ANAHEIM — Jack Mayfield began and ended the season with the Angels in 2021, but in the middle the Angels let him go, and he had a brief stint with the Seattle Mariners. During that 11-game interlude, Mayfield faced Angels lefty Patrick Sandoval.
That gave him the chance to see Sandoval’s changeup. Sort of.
“I remember not seeing it,” Mayfield said with a smile.
Sandoval threw Mayfield four changeups in their two matchups. He swung and missed at all four, on his way to a pair of strikeouts. In those four swings, Mayfield experienced first-hand one of the main reasons that Sandoval, 25, has blossomed over the past two seasons.
Sandoval’s changeup is one of the best pitches in baseball.
This season, no pitcher in the majors has thrown any pitch more than Sandoval’s changeup without giving up a hit. He’s thrown it 118 times, and opponents are 0 for 30 with 20 strikeouts against the pitch.
Hitters have whiffed on 52.4% of their swings against Sandoval’s changeup. Since the start of last season, the 51.6% whiff rate on the Sandoval changeup is the second-highest for any pitch that has generated at least 200 swings. The only one higher is Jacob deGrom’s slider.
Sandoval also has a pretty good slider, one that has held opponents to a .143 batting average.
The combination of his changeup and slider is how he’s managed to post a 3.25 ERA since the start of last season, including a 2.03 mark through his first five starts of this season.
While he’s already taken a jump from the struggles of his big league stints in 2019 and 2020, the Angels believe he still has another step to take once he can learn to locate his fastball.
“You start throwing that fastball where you want, and I’ll be seeing you in the ninth inning,” Manager Joe Maddon often tells Sandoval.
In the meantime, he’s been successful mostly on the strength of a pitch that the Houston Astros both developed and wasted.
Coming out of Mission Viejo High, Sandoval said he always believed his curveball was his best pitch, even though his teammates had insisted it was the changeup. The Astros drafted Sandoval in the 11th round in 2015 and invested an over-slot $900,000 bonus to pry him away from a commitment to USC.
In one of his first camps with the Astros in West Palm Beach, Fla., Sandoval was introduced to a new drill.
Coaches placed a blue mat in front of him, and he would go through his motion with a changeup grip, slamming his hand into the mat. The idea was to reinforce the wrist position, so the circle formed by his thumb and index finger on the side of the baseball pointed directly at the catcher. He would hit the mat twice, and on the third time the mat would be pulled away and he’d release the ball.
For two weeks, Sandoval did that drill again and again.
“That really dialed it in for me,” Sandoval said.
Ironically, the Astros helped Sandoval improve his changeup, but then in games they only wanted him to throw it about 12-15% of the time. They emphasized four-seam fastballs up in the zone and curveballs, Sandoval said.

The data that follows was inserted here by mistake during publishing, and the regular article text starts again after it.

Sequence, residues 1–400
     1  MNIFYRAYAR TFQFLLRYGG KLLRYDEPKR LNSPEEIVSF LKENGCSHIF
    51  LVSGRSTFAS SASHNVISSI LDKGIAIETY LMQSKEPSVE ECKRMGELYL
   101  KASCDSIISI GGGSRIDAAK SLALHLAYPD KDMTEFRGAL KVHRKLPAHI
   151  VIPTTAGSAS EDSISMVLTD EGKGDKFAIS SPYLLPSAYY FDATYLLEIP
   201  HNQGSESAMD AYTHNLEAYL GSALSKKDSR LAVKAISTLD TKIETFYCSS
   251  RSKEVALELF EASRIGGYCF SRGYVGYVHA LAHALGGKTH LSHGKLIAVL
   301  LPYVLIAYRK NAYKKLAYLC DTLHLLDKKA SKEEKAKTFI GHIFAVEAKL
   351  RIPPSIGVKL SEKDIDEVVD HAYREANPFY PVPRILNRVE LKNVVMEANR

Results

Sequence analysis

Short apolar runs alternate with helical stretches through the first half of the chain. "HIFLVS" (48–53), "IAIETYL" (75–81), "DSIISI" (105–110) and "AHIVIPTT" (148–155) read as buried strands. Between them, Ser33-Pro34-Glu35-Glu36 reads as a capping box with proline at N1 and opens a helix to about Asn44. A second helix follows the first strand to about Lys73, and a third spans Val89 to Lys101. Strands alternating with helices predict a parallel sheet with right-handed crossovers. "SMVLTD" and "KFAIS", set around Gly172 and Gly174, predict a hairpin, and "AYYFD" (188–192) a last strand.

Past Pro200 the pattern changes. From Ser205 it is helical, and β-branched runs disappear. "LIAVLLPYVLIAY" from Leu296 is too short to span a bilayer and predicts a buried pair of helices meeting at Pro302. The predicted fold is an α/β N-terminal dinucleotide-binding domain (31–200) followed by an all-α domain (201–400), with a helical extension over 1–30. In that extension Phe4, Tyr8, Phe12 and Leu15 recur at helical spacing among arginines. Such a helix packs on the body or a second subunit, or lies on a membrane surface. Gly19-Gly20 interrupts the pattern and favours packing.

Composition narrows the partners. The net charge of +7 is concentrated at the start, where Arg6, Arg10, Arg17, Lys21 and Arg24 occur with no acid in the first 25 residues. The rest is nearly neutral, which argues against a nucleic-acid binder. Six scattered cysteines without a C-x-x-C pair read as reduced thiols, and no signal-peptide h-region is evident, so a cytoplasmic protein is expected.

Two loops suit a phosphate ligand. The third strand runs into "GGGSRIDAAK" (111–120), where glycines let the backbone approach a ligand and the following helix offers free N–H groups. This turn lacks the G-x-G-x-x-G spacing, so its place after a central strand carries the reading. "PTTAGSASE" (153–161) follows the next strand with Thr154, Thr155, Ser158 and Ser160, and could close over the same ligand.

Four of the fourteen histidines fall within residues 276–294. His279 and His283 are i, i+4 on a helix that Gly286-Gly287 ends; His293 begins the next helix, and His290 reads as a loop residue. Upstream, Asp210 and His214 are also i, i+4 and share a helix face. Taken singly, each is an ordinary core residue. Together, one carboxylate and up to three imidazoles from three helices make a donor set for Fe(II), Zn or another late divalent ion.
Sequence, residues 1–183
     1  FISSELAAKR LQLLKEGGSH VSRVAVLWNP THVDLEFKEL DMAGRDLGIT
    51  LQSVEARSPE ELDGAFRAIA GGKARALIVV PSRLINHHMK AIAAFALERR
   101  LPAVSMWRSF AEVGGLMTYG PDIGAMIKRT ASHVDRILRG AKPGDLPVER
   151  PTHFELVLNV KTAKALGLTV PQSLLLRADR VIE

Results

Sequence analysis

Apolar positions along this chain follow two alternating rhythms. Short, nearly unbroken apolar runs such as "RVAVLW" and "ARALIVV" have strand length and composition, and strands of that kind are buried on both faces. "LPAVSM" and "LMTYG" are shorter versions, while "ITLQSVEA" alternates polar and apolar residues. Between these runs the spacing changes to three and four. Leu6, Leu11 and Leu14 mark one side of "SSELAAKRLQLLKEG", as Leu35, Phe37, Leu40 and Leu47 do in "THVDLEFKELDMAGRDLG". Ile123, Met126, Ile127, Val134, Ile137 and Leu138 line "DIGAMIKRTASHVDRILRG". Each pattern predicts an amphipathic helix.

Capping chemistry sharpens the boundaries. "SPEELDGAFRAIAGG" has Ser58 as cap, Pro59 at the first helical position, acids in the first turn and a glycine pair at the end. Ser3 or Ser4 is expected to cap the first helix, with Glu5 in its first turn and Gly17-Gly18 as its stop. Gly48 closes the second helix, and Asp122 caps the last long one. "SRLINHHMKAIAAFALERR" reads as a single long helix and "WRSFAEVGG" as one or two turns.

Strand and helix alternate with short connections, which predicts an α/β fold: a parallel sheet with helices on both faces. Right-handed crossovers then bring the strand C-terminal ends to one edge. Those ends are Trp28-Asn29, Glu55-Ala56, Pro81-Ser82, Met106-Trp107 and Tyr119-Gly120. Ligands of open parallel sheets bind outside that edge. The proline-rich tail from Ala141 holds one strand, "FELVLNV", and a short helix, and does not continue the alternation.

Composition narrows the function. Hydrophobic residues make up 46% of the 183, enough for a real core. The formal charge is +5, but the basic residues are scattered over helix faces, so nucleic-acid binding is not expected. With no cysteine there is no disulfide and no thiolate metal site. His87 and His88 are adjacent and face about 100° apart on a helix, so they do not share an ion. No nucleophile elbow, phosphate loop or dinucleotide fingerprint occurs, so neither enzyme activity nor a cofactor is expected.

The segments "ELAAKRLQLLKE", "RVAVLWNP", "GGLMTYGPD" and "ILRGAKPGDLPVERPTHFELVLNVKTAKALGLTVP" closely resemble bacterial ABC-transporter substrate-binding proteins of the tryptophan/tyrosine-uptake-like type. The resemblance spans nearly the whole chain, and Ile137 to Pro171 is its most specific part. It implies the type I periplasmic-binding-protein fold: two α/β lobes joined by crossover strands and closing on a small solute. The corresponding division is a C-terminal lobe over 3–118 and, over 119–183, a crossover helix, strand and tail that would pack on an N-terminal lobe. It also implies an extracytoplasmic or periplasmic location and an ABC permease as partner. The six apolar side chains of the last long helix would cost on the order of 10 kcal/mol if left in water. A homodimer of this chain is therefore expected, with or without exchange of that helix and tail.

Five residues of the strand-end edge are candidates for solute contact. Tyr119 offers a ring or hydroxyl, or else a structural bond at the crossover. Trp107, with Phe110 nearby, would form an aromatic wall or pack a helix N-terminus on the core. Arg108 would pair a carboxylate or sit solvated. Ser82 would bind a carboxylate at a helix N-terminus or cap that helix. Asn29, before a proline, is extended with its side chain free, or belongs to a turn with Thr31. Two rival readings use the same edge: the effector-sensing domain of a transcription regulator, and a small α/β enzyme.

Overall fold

The Angels acquired Sandoval at the trade deadline in 2018, and immediately changed his pitch mix.
“In my first outing, the first couple innings I was throwing the changeup a lot and (the hitters) were nowhere near it,” Sandoval said. “They just kept calling it. I probably went from throwing 15% to like 35-40% when I got traded.”
Angels pitching coach Matt Wise was a roving minor league pitching coordinator when Sandoval arrived in 2018.
“I was standing behind him in the bullpen, and from that perspective, it looks like it’s going to the catcher and then literally hits the brakes,” Wise said. “It came out like a fastball. … I’d love to take credit, but he had it when he got here. It’s a wipeout changeup.”
Although Sandoval’s changeup leaves hitters flailing, the Angels have been unable to quantify what makes it so good. By the metrics, the horizontal and vertical break are both below average.
“The movement profile is pretty mediocre,” Sandoval said. “But I’ll take it. Guys aren’t hitting it.”
The velocity numbers aren’t even that special. His average fastball is 93.0 mph and his average changeup is 84.5 mph, which is a smaller gap than most pitchers with devastating changeups.
Wise said it’s all about what the hitter sees at the release point.
“The one area that no one in baseball can really quantify is deception,” Wise said. “We’ve looked at it. Other people have looked at it, metrically as well. With Hawkeye and Trackman. There’s nothing about it that says it should have that swing and miss rate.”
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Maddon said Sandoval disguises the changeup well by having the same arm speed that generates his fastball. The pitch not only looks like a fastball, but it also looks like a strike. By the time the hitter realizes it’s neither a fastball nor a strike, it’s too late.
Which brings us back to Mayfield.
He knew Sandoval had a good changeup before he stepped in the box, and he tried to adjust accordingly.
“I remember trying to sit on it, and you just have that little bit of doubt in your mind that it still could be a heater,” Mayfield said. “I was still early on the changeup. It’s definitely one of the better changeups I’ve ever seen.”
Angels (RHP Chase Silseth, 2-0, 1.73 ERA at Double-A) at A’s (RHP Daulton Jeffries, 1-5, 5.22), Friday, 6:40 p.m., Bally Sports West, 830 AM